As you have just seen, the ExecuteReader() method extracts a data reader object that allows you to examine the results of a SQL Select statement using a forward-only, read-only flow of information. However, when you wish to submit SQL commands that result in the modification of a given table, you will call the ExecuteNonQuery() method of your command object. This single method will perform inserts, updates, and deletes based on the format of your command text.
Note Technically speaking, a nonquery is a SQL statement that does not return a result set. Thus, Select statements are queries, while Insert, Update, and Delete statements are not. Given this, ExecuteNonQuery() returns an Integer that represents the number of rows affected, not a new set of records. You can also use ExecuteNonQuery() to execute catalog commands such as CREATE TABLE and DROP TABLE, plus DCL commands such as GRANT PERMISSION and REVOKE PERMISSION.
To illustrate how to modify an existing database using nothing more than a call to ExecuteNonQuery(), your next goal is to build a custom data access library that will encapsulate the process of operating upon the AutoLot database. In a production-level environment, your ADO.NET logic will almost always be isolated to a .NET *.dll assembly for one simple reason: code reuse! The first examples of this chapter did not do so, just to keep focused on the task at hand; however, as you might imagine, it would be a waste of time to author the same connection logic, the same data reading logic, and the same command logic for every application that needs to interact with the AutoLot database.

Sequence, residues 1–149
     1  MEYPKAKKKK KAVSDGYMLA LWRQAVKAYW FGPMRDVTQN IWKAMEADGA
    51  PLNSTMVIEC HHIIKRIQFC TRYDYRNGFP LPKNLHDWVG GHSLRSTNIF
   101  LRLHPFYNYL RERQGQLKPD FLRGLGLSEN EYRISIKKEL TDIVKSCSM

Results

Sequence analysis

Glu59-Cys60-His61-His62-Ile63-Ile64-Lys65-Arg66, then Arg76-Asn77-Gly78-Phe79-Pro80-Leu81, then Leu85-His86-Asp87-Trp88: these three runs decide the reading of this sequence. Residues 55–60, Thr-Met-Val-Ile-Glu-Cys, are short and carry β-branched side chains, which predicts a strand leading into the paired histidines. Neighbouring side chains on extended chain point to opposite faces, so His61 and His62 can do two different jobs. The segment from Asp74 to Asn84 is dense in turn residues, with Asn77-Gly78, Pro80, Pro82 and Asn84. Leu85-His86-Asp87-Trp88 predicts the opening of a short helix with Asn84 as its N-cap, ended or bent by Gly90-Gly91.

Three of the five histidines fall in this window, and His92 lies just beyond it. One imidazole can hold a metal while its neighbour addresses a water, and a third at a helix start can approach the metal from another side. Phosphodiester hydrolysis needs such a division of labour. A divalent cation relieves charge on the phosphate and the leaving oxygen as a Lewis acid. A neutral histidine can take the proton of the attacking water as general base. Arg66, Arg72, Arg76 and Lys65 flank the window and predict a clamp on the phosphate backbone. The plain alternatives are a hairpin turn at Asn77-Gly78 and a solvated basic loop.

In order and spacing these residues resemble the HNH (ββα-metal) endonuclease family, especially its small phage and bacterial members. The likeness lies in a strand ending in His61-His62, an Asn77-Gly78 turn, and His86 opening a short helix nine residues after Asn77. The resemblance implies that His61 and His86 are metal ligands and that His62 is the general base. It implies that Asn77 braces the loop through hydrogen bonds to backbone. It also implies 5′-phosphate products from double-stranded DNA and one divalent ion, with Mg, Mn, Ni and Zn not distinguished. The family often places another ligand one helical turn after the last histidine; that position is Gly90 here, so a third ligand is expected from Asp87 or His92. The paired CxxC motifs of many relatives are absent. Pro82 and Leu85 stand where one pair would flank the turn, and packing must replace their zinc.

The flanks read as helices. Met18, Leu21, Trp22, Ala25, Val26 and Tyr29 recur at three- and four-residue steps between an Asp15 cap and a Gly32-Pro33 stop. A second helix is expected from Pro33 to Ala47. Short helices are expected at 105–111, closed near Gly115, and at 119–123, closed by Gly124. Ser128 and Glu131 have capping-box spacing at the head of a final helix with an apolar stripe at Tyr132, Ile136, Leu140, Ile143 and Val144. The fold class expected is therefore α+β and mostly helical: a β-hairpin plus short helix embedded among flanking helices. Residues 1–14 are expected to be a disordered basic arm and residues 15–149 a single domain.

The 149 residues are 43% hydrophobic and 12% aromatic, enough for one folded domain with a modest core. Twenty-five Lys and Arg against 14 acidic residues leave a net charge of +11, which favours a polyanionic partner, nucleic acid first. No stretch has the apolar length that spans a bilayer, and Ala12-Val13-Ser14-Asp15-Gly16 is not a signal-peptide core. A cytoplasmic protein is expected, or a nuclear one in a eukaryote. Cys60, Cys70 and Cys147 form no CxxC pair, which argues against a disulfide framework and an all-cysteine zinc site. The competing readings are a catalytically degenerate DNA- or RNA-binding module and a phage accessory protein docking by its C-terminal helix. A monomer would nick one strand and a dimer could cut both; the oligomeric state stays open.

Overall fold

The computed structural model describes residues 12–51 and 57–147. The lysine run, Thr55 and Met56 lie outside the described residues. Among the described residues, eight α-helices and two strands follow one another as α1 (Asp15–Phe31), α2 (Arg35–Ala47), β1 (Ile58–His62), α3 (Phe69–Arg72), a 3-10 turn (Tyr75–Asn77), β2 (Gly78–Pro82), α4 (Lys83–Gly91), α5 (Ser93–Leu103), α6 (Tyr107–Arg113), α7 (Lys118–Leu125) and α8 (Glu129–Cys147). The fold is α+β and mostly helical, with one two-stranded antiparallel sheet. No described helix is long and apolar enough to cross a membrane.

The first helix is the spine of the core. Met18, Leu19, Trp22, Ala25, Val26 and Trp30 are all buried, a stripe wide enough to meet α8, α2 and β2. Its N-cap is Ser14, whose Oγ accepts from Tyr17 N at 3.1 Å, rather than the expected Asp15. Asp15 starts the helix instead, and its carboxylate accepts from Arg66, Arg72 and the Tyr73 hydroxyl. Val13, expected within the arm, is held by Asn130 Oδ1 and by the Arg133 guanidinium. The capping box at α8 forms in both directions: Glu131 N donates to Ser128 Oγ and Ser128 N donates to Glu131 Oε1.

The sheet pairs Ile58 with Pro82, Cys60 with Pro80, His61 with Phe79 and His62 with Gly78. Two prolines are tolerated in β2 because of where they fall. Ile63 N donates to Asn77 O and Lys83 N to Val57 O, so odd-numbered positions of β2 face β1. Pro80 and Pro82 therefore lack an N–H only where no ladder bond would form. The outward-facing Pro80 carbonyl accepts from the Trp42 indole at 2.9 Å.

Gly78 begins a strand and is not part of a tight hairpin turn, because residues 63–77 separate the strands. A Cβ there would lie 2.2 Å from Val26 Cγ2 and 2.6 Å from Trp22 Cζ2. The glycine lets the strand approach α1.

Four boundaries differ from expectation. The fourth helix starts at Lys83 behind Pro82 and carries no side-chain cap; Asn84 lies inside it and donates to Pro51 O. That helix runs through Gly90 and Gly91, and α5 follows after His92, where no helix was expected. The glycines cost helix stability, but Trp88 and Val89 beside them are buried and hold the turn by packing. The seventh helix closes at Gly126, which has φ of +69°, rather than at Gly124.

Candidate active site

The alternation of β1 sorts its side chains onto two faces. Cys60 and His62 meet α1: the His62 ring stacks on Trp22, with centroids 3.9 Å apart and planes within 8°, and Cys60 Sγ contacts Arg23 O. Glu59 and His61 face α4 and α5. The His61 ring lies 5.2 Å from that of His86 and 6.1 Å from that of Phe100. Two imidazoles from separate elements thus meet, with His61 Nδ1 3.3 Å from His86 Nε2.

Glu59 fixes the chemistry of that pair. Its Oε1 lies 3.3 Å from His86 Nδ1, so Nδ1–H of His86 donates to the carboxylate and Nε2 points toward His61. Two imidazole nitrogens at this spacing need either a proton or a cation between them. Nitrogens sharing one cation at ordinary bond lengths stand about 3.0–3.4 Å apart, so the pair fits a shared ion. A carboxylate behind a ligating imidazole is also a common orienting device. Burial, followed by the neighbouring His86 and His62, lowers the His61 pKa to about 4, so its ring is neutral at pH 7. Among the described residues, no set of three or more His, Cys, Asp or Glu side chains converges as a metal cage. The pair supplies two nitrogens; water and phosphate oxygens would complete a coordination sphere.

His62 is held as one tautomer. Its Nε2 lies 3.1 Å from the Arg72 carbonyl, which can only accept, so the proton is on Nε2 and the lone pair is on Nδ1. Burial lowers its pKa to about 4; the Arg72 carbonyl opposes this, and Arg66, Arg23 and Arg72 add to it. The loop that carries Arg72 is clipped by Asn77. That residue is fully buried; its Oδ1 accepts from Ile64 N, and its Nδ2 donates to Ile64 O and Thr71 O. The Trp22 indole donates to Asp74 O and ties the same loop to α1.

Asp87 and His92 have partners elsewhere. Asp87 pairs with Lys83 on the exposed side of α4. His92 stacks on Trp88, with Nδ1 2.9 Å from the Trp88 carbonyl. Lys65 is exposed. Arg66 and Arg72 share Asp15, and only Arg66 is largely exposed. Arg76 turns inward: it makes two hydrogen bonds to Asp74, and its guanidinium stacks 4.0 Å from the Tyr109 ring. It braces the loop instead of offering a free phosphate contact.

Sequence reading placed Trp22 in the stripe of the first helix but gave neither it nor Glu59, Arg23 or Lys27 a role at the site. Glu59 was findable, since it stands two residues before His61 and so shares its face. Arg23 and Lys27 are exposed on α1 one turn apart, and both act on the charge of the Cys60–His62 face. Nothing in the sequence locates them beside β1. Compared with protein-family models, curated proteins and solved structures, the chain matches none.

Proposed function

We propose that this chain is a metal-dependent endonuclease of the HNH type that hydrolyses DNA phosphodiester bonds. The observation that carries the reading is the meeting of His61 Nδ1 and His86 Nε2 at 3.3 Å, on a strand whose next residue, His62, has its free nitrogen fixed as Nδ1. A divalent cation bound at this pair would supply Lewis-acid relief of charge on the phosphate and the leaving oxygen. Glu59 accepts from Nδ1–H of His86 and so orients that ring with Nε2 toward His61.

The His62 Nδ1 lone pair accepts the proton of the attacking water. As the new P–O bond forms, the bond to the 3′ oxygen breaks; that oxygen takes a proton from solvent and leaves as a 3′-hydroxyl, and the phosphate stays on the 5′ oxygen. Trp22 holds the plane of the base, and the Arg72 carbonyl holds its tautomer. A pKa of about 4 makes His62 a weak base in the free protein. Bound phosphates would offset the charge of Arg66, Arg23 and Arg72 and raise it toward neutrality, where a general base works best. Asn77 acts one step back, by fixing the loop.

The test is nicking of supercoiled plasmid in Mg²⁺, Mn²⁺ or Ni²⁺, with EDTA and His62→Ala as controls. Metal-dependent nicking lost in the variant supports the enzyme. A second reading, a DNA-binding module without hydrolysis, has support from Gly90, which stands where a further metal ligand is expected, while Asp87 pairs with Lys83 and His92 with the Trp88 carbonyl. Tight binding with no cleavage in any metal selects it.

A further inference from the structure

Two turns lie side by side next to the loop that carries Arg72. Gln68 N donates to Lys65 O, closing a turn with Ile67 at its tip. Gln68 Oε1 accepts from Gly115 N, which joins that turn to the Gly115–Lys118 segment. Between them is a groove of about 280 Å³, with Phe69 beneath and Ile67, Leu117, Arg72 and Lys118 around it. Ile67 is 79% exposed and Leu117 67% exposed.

By isolating data access logic to a .NET code library, multiple applications using any sort of front end (console based, desktop based, web based, etc.) can reference the library at hand in a language-independent manner. Thus, if you author your data library using VB, other .NET programmers would be able to build a UI in their language of choice (C#, C++/CLI, etc.).
In this chapter, our data library (AutoLotDAL.dll) will contain a single namespace (AutoLotConnectedLayer) that interacts with AutoLot using the connected layer. The next chapter will add a new namespace (AutoLotDisconnectionLayer) to this same *.dll that contains types to communicate with AutoLot using the disconnected layer. This library will then be used by numerous applications over the remainder of the text.
To begin, create a new VB Class Library project named AutoLotDAL (short for AutoLot Data Access Layer) and rename your initial VB code file to AutoLotConnDAL.vb. Next, define a namespace scope named AutoLotConnectedLayer and change the name of your initial class to InventoryDAL, as this class will define various members to interact with the Inventory table of the AutoLot database. Finally, import the System.Data.SqlClient namespace:
' We will make use of the SQL server ' provider; however, it would also be ' permissible to make use of the ADO.NET ' factory pattern for greater flexibility.
Namespace AutoLotConnectedLayer Public Class InventoryDAL End Class End Namespace
Note Recall from Chapter 8 that when objects make use of types managing raw resources (such as a database connection), it is a good practice to implement IDisposable and author a proper finalizer. In a production environment, classes such as InventoryDAL would do the same; however, I'll avoid doing so to stay focused on the particulars of ADO.NET.
Now, recall from Chapter 15 that every VB project created with Visual Studio receives a default root namespace, which is identically named to the project you are creating. Therefore, at this point, the InventoryDAL class is defined within the nested AutoLotDAL.AutoLotConnectedLayer namespace.
To simplify how others can import the InventoryDAL type into their projects, open the My Project editor, select the Application tab, and delete the current value within the Root Namespace text box. Given that the Root Namespace is now empty, the fully qualified name of our class is simply AutoLotConnectedLayer.InventoryDAL.
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